The aim of the 2-year project is to develop a streamlined software platform to support SMEs to access funding for energy efficiency projects. The platform will enable independent project valuation, insurance and design standardization, in this way seeking to bridge the gap between the contractors and investors. [Europe’s energy efficiency challenge.]
Capital driving energy efficiency
It has become clear that energy efficiency measures can save businesses and residences a fortune on their electricity bills. Added to that, it saves utilities a great deal of costs and stress when it comes to capacity and new infrastructure. As a result, energy efficiency has become a no-brainer and private investors are seeing the significant value in this sector. While governments around the world have set energy efficiency levels more from a sustainability and environmental perspective, it has become clear that private investment is actually driving energy efficiency-not legislation.
Bill Rumble, director, BillSaveUK “ agrees that UK government energy efficiency goals will only work if there is sufficient capital across the entire value chain but suggests we look at the bigger picture too. He points to the Cambridge Econometrics report, published by the Energy Bill Revolution in 2014, [‘Building the Future: The economic and fiscal impacts of making homes energy efficient’.] It examines the macro-economic case for energy efficiency, exploring the gains which could be made from an ambitious energy efficiency programme if the government were to give it the priority it needs.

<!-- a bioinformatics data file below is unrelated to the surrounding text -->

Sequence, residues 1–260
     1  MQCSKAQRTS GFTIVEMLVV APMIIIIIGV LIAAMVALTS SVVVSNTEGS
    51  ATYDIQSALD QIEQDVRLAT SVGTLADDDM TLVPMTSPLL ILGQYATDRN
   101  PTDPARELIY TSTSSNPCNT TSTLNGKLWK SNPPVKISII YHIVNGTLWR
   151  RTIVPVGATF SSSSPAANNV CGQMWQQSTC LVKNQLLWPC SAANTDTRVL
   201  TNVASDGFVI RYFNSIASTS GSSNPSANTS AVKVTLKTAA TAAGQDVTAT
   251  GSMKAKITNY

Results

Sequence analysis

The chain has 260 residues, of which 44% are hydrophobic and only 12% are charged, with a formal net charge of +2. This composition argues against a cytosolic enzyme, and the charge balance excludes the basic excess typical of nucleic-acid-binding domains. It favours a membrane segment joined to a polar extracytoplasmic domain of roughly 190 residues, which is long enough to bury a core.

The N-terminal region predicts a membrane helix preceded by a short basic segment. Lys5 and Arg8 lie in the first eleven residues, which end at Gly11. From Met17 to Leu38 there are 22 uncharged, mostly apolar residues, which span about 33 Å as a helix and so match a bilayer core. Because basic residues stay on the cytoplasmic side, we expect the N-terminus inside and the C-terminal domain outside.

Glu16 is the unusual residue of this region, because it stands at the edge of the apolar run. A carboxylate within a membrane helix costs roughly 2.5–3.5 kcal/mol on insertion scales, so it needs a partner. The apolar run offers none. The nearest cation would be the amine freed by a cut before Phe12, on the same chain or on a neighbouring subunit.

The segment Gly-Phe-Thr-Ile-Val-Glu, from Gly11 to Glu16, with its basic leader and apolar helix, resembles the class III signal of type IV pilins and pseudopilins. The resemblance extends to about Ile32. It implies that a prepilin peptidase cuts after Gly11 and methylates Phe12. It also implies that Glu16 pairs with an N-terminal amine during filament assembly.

Rumble told Engerati: “I often use the phrase, a pound invested in energy efficiency is the pound which keeps on giving. Some estimates put the cost of Hinckley Point C as high as £37 billion to generate 7% of the country’s power requirement. Why? If instead the government set out a clear map for delivering a demand side reduction programme of 7%, then £37 billion wouldn’t need to be spent on generation. In fact, a reduction in energy use of 10–15% could be achieved through a properly executed, joined-up reduction programme.”
We asked Rumble’s opinion of the UK government’s efforts when it comes to promoting energy efficiency. He said: “Not as much as it could. The Government’s energy efficiency strategy acknowledges that improving energy efficiency is fundamental to a whole string of economic, environmental, health and social benefits, but to date it has failed to put the right policies or investment in place. The challenge we’re facing is energy generation ranks far higher on the government’s agenda than energy efficiency does.”.
He added: “The Cambridge report referenced developing an ambitious UK-wide energy efficiency programme which would become a national infrastructure project. It would have the potential for high economic returns and deliver on three agendas - carbon reduction, sustainable supply and affordable energy - and could be delivered for a fraction of the price of Hinckley Point C.”